Diplomacy in the cloud Matthew Barzun

Diplomacy in the cloud  Matthew Barzun

Last week I took part in a lively debate at Wilton Park, a forum for exchange and dialogue on global issues established at the end of World War II. It was part of a three-day conference on “soft power,” the term coined by American political scientist Joseph Nye in 1990 to describe the ability to

Matthew BarzunLast week I took part in a lively debate at Wilton Park, a forum for exchange and dialogue on global issues established at the end of World War II. It was part of a three-day conference on “soft power,” the term coined by American political scientist Joseph Nye in 1990 to describe the ability to influence other nations through persuasion rather than coercion. I was asked to address the increasingly discussed and increasingly important subject of diplomacy in a networked world.

Diplomacy, I believe, is currently enjoying a resurgence. Those who watched President Obama’s State of the Union address, for example, heard him say that America must move off of a “permanent war footing.” Indeed, the center of our recent efforts to achieve progress in Iran, Syria and the Middle East has been the negotiating table rather than the command post. And as we move from missiles to missives, our ability to harness technology in the service of diplomacy is more important than ever.

In the networked world, where power is increasingly dispersed, we have seen the amazing effect that digital media can have in facilitating the coordination of people-powered movements. But are we certain those tools have the same power in the service of diplomacy? What tools do work best? And what metrics matter? What value is there when someone “likes” an embassy Facebook page, watches a YouTube video, or follows an ambassador on Twitter? In a sense we know the power of the cloud. But think what images of clouds often connote: foggy, fluffy, and far-away — three things we need less of. We need our approach to be clear, concrete, and close-up.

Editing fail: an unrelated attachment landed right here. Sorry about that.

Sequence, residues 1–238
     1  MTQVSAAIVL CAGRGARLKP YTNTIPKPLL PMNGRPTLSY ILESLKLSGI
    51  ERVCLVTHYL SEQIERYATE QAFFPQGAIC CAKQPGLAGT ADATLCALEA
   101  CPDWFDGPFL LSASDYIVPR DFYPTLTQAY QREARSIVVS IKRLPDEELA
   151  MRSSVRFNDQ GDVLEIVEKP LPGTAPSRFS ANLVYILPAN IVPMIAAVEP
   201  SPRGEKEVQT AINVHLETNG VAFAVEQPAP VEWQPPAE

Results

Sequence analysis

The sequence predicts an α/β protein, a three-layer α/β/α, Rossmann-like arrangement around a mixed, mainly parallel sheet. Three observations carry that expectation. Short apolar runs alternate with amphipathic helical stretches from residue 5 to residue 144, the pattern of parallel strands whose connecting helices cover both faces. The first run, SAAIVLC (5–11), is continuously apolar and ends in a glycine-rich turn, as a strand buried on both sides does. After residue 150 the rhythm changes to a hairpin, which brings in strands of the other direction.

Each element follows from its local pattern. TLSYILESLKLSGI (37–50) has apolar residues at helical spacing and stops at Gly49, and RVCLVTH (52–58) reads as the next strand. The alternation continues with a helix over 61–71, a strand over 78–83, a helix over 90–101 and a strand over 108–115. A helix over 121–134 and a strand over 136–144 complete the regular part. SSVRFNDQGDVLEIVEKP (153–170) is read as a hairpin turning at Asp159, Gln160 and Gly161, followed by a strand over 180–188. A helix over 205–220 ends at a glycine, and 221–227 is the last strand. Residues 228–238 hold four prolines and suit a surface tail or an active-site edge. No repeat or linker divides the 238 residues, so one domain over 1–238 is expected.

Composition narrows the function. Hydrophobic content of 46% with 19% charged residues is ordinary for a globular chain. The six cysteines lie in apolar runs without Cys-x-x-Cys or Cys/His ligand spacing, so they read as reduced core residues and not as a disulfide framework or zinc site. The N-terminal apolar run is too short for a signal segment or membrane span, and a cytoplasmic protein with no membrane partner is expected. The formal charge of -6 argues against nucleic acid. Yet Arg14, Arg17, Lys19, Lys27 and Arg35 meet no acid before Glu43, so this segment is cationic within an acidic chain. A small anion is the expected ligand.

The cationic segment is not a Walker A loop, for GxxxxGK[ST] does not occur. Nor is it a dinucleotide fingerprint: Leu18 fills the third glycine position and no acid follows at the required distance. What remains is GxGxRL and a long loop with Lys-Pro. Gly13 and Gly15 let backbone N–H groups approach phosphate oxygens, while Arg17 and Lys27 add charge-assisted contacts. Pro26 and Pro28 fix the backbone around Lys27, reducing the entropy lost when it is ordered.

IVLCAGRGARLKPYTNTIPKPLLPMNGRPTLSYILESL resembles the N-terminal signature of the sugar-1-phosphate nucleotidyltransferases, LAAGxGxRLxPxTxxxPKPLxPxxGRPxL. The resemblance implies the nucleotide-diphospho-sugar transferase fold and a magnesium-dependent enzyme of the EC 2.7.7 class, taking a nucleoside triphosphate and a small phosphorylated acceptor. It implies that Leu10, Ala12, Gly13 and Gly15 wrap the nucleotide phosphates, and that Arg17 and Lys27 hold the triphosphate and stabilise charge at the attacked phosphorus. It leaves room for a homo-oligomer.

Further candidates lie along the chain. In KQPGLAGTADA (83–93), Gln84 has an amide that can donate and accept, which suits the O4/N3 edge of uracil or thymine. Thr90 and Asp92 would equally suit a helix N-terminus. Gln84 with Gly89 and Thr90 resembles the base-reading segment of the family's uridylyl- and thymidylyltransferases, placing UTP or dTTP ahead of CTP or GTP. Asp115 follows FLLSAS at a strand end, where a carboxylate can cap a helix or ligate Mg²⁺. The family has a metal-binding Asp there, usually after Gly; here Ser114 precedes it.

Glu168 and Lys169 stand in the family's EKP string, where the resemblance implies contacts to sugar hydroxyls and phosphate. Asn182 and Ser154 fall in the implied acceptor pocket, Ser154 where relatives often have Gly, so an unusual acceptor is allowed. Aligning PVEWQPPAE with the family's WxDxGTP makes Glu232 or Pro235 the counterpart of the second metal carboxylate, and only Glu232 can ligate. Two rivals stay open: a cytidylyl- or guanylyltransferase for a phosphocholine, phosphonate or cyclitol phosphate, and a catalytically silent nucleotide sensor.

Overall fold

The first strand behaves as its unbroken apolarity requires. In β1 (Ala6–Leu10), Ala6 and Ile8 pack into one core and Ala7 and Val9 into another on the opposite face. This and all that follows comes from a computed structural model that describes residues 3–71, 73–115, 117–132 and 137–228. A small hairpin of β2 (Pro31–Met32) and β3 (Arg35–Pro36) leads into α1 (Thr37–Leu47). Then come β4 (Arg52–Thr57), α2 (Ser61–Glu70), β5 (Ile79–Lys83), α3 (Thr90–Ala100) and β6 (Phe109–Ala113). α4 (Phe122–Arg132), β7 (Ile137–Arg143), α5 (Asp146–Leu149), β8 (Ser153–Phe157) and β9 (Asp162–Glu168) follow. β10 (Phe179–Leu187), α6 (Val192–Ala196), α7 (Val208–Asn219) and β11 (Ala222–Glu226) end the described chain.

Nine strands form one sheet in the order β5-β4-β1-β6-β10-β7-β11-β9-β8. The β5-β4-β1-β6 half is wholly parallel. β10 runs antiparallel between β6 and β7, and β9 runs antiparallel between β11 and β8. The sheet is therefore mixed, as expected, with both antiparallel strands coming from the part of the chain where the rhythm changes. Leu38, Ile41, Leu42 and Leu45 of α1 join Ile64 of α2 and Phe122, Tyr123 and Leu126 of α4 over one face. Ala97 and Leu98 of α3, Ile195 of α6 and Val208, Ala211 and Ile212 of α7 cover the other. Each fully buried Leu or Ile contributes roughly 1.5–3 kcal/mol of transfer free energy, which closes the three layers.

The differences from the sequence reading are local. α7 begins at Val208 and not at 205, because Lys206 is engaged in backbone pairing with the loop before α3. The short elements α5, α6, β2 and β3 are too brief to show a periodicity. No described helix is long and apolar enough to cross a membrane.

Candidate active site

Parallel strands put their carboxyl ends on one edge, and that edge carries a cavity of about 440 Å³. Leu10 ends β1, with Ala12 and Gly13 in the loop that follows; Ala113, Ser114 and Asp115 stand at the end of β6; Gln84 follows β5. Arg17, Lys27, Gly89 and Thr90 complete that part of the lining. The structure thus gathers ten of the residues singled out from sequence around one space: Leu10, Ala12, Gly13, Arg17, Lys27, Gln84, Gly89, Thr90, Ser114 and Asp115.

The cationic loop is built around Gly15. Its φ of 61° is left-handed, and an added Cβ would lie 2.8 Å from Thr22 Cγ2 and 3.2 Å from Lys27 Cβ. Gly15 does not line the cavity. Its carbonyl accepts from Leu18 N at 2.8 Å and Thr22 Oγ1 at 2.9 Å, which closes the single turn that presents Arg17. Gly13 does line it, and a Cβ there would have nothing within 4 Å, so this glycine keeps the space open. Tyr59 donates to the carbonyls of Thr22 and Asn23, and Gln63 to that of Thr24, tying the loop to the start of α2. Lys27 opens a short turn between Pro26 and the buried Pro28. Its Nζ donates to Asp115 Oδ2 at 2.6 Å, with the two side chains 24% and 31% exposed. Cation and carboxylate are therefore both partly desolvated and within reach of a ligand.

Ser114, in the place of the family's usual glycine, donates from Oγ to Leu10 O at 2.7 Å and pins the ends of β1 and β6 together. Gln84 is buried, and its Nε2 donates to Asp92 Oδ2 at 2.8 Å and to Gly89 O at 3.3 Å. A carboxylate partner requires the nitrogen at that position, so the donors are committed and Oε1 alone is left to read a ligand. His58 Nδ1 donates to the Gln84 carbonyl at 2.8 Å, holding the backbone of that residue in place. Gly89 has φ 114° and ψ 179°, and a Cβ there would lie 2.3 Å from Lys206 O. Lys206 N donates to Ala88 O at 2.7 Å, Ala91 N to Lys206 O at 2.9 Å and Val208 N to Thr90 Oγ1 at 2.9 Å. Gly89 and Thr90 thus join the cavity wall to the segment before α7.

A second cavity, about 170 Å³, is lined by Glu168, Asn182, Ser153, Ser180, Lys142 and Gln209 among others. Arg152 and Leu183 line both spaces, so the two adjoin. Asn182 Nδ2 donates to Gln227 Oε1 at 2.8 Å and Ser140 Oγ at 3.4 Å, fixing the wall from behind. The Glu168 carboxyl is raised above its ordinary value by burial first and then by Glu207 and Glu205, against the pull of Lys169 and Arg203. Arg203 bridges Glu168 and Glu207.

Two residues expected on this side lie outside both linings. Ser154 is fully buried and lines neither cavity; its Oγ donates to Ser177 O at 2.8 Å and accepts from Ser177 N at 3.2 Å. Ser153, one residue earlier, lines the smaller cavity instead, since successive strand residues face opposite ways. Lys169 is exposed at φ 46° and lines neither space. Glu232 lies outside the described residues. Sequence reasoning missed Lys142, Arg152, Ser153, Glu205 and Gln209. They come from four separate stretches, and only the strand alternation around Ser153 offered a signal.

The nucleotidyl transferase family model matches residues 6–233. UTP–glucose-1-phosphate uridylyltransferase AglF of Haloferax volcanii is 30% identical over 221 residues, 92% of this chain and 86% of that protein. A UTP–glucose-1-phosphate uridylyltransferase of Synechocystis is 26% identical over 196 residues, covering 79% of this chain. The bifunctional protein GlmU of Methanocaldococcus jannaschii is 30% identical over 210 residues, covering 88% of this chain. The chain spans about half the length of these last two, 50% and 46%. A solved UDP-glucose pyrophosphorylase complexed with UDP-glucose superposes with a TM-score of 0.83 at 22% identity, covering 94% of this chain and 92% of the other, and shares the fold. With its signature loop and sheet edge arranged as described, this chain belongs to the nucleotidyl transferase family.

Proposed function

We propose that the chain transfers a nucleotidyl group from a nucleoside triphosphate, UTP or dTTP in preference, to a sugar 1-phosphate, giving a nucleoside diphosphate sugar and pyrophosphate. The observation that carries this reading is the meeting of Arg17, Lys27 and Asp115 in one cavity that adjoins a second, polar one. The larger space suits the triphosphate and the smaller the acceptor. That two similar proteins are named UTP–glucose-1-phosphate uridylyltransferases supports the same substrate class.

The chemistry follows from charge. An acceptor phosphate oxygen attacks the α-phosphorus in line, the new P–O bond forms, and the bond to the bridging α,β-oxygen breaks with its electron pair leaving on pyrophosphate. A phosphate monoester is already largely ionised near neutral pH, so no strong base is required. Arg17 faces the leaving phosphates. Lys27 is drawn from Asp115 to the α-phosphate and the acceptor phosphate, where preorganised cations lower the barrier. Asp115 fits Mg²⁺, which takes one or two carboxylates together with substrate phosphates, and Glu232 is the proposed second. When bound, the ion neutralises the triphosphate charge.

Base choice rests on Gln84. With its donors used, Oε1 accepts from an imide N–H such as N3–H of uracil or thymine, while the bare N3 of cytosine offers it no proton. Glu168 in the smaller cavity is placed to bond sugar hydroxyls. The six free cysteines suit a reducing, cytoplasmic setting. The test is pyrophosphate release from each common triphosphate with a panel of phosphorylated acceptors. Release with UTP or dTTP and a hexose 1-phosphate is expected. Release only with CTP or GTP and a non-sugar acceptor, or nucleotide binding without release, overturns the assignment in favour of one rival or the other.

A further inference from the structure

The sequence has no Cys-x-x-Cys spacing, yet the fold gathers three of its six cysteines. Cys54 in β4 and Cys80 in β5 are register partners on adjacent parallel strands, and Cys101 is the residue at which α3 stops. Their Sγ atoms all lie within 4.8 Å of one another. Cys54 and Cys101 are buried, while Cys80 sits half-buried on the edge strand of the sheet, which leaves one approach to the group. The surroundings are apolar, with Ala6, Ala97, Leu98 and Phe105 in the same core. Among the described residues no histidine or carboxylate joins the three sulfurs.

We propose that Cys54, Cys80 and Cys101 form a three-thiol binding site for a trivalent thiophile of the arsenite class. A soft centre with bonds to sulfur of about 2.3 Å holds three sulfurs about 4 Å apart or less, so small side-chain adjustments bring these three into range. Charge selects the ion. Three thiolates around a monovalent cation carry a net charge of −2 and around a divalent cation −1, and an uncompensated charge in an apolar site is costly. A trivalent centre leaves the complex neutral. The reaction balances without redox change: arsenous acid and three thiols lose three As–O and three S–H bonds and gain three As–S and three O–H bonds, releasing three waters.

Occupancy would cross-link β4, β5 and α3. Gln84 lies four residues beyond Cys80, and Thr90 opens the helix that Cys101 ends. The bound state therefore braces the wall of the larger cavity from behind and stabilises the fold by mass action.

So at Wilton Park I suggested a different model for considering diplomacy in networked world — a thought experiment of sorts. The hot trend now is wearable tech, like Google Glass and Jawbone bracelets. What if we designed a gadget that could measure our activities as diplomats? I challenged my fellow attendees to contribute ideas about what it would track: Every “please” and “thank you”? Every smile? Time spent listening versus talking? Deductions for excessive acronyms and overuse of diplo-speak clichés (e.g. “watching with concern” when actually we are horrified by what we see)?

With algorithms becoming powerful enough to predict weather weeks in advance, might we now be able to quantify relations among countries? Could we try to improve relations with Russia by 20% in the same way that we try to try to achieve specific Millennium Development Goals?

The point I was trying to make is that, based on my experience in the tech industry, as well as with using technology for advocacy, I’ve found that the choice of what technological medium to use is often more successful when a clear target has already been set for what we want it to help us achieve. That’s why, in my thought experiment, the wearable soft power bracelet is designed to measure a diplomatic medium we already know to be the most effective we’ve got: our diplomats.

http://matthewbarzun.tumblr.com/post/76233037602/diplomacy-in-the-cloud

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